Babies may also have sudden bouts of crying for no apparent reason, known as Infantile Cell. The onset of these bouts is usually between the age of 2 and 4 weeks. They can occur at any time of the day or night but are more common after about 6:00 in the evening. The baby suddenly starts crying. Nothing seems to work. The child screams at the top of his voice, draws the thighs and legs towards the abdomen, may pass some gas or have a distended abdomen. Colicky cries are slightly shorter than those caused by hunger. These attacks usually stop by the time the child is 3 months old, and are termed evening colic or 3 month’s colic.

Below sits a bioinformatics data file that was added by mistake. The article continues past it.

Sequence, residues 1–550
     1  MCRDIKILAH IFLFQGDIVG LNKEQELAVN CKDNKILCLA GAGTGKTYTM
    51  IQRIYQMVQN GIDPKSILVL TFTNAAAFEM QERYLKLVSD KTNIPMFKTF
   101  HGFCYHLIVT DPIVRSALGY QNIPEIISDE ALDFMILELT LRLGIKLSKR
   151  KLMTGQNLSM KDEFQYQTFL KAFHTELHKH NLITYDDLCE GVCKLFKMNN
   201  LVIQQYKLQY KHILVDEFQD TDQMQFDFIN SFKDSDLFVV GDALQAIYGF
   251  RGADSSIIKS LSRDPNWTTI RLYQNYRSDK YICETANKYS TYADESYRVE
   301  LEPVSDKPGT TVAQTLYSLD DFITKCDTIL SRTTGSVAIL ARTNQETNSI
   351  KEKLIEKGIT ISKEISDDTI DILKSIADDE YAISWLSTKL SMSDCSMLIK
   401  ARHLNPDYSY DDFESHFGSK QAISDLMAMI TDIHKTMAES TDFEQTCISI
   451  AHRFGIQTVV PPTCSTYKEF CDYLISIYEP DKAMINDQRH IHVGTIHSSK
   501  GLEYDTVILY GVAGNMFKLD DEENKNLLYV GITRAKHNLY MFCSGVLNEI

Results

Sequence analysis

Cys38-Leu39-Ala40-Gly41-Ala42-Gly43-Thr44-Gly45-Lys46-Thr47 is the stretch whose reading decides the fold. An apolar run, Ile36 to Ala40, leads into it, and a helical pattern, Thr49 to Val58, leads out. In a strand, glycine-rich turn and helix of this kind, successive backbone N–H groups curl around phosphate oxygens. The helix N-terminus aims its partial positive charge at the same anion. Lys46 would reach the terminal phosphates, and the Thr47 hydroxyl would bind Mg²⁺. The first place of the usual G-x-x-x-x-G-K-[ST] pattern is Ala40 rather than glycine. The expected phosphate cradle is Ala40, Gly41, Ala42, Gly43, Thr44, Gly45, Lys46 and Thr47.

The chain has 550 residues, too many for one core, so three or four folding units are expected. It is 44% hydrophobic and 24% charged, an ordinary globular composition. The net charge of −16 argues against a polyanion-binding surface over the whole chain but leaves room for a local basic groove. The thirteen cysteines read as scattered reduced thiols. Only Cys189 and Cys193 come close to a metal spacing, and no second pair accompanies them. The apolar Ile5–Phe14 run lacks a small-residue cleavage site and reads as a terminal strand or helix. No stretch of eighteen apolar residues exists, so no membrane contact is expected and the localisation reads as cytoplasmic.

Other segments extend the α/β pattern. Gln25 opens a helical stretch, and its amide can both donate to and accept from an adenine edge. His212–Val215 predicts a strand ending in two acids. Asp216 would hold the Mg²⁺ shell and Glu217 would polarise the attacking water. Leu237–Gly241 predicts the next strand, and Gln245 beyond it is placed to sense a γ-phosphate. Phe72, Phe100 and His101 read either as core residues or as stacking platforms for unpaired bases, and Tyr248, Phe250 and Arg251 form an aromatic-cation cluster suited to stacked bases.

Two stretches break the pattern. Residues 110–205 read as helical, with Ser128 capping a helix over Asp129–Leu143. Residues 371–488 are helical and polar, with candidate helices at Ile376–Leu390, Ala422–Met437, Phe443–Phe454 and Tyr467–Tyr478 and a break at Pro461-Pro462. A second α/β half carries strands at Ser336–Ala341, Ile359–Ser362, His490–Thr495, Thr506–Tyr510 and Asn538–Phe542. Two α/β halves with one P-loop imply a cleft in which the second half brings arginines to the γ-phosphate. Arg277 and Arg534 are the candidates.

Management: Don’t allow the child to cry unnecessarily. If a child keeps crying, he swallows more air, which probably makes him cry more because of anger and distension of the abdomen. Do not hesitate to pick up the child for fear of contact. Make the child feel secure, loved and wanted. You will have enough time to discipline him later.
Although it has not been proven that certain foods eaten by a breastfeeding mother can upset her baby, it may be worth give up milk, egg, fish, peanuts and peanut butter, soya preparations, wheat, caffeine, garlic, onion and cabbage from your diet for a few days. If you find a marked improvement in the child, you can again try and introduce these food items in turn and see if you can find a correlation between any particular food and colic in you can find a correlation between any particular food and colic in your baby.
Source: Book - Guide to Child Care by Dr R K Anand
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